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May 4, 2018,  by Allianz Partners Business Insights

Google looking to buy Nokia technology to develop airborne broadband

Internet giant Google has its eye on Nokia technology designed to improve Wi-Fi networks on board aeroplanes – a market that is expected to be worth 130 billion dollars by 2035.


Google is said to be currently in the late stages of negotiations with Nokia to acquire its "air-to-ground" communication systems, according to Bloomberg. Purchasing the Finnish firm’s advanced communications systems would enable the US web giant to get a foothold in the airborne broadband market and compete with Gogo, who have partnerships with a number of airlines including British Airways, American Airlines and Air Canada, and Panasonic.


Top-quality Nokia connectivity technologies catching the eye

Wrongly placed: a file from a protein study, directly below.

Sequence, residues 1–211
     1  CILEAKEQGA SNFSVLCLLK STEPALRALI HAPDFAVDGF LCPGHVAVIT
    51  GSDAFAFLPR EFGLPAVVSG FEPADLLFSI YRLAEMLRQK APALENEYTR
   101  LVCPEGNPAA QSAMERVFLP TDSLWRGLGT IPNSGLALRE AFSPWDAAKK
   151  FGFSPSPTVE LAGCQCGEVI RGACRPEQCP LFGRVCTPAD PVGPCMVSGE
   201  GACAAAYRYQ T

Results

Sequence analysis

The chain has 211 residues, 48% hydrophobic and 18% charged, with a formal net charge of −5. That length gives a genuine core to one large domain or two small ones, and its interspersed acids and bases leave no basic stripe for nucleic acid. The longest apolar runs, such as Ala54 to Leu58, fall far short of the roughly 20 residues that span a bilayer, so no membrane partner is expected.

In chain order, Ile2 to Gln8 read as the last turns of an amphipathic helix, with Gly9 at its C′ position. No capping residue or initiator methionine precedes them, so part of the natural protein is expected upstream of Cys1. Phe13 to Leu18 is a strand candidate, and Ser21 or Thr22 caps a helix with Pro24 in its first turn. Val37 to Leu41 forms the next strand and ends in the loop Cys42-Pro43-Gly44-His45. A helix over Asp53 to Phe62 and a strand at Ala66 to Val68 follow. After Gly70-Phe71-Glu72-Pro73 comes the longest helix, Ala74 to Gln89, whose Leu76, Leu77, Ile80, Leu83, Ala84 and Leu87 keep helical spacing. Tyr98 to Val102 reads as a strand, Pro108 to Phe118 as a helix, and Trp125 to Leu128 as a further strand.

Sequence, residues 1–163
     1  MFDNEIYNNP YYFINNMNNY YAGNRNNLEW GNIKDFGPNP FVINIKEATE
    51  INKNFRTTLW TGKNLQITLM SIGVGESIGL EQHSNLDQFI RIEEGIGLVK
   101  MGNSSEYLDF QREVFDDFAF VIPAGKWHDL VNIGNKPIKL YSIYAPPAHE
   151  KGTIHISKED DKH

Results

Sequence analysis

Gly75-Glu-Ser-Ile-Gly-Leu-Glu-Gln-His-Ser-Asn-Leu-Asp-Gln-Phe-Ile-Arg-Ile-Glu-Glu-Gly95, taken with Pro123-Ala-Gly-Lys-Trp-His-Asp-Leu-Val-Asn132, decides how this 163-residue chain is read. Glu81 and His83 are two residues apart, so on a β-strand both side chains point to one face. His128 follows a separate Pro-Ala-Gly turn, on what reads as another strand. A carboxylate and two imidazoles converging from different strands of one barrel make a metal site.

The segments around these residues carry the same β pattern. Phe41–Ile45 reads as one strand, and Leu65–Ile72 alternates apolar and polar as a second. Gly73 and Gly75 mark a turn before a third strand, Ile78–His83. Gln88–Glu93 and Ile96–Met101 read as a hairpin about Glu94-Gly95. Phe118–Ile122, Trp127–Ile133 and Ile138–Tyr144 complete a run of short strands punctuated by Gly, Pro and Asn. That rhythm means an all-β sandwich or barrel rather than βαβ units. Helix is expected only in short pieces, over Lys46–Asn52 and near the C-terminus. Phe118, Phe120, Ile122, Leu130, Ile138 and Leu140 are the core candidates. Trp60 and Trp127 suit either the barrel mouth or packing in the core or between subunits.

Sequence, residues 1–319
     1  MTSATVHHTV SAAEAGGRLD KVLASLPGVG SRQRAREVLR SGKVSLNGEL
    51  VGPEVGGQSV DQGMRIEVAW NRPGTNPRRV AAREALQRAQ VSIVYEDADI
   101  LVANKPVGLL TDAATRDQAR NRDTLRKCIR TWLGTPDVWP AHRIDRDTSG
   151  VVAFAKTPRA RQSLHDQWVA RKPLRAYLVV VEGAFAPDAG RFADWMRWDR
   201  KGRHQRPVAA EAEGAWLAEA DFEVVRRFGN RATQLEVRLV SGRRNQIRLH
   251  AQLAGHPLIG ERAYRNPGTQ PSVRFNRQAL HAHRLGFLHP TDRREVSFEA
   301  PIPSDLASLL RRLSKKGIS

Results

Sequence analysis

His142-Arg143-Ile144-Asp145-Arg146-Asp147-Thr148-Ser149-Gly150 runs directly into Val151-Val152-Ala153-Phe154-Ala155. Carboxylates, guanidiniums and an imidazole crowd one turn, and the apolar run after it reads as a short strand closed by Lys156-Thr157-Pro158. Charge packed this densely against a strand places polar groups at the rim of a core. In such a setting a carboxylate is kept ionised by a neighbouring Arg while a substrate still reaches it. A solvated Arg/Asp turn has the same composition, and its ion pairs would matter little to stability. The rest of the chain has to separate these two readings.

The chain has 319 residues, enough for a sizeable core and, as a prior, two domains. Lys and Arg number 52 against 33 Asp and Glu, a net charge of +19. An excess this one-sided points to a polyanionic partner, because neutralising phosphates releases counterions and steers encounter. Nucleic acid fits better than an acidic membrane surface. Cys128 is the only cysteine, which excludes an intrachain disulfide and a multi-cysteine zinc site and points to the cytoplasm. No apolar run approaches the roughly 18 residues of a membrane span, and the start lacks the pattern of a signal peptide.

Despite heavy demand among passengers, the airborne broadband market is still under-developed, with services that are far-from-user-friendly and performances that are often poor, based on the provider.

Nokia’s high-quality connectivity technologies, which combine 4G antennae on the ground with satellites and can thus go across oceanic zones, provide a large bandwidth at high speeds (1,200 km/h in some aeroplanes), vast coverage (a radius of 150 kilometres) and little interference with terrestrial networks. Google has analysed these benefits and decided that this is what it needs to take on a leadership role in this particular sector.


Ambitious Google airline sector strategy


The US web giant has high hopes for airborne broadband, and if it manages to sell this high-speed service to airlines, it will then be able to add on a whole host of on-board entertainment possibilities including Google Music and YouTube, both of which it owns, as well as completing its travel offer with the on-board sale of activities and excursions.

This enough to make the company lick its lips, particularly since the airborne broadband market will be worth 130 billion dollars by 2035 according to estimates by the London School of Economics, who described it as "a leap forward that cannot afford to be missed" (as reported by French website  Nokia meanwhile is now looking to prioritise the development of 5G network activities.


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